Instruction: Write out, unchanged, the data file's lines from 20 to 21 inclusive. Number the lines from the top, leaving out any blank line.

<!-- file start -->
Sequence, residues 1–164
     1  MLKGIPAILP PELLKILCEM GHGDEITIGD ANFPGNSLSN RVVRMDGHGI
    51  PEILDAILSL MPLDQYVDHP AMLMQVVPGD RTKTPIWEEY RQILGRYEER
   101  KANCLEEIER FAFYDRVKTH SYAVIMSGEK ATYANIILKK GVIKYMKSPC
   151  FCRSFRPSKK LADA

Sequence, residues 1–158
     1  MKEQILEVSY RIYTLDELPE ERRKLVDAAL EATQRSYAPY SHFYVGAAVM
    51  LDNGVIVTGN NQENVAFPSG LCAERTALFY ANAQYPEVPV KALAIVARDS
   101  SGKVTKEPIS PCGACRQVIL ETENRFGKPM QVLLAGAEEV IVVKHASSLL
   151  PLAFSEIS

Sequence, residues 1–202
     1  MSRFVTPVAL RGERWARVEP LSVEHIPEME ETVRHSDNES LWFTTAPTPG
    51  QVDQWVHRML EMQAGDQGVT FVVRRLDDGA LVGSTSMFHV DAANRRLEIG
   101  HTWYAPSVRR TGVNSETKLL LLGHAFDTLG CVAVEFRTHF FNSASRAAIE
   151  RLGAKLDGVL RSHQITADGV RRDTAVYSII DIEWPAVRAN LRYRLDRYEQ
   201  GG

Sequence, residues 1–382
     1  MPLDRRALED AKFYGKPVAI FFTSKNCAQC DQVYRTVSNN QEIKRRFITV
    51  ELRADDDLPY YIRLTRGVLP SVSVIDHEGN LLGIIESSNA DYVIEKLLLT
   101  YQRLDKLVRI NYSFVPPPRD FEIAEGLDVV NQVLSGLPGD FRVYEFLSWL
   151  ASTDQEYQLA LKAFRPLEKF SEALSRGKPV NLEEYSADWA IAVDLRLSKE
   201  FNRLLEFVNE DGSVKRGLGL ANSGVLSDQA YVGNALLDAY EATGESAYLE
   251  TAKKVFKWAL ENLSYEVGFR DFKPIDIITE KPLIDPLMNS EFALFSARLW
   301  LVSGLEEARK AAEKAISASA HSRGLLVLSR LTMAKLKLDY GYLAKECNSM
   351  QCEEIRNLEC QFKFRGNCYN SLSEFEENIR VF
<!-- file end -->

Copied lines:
   101  YQRLDKLVRI NYSFVPPPRD FEIAEGLDVV NQVLSGLPGD FRVYEFLSWL
   151  ASTDQEYQLA LKAFRPLEKF SEALSRGKPV NLEEYSADWA IAVDLRLSKE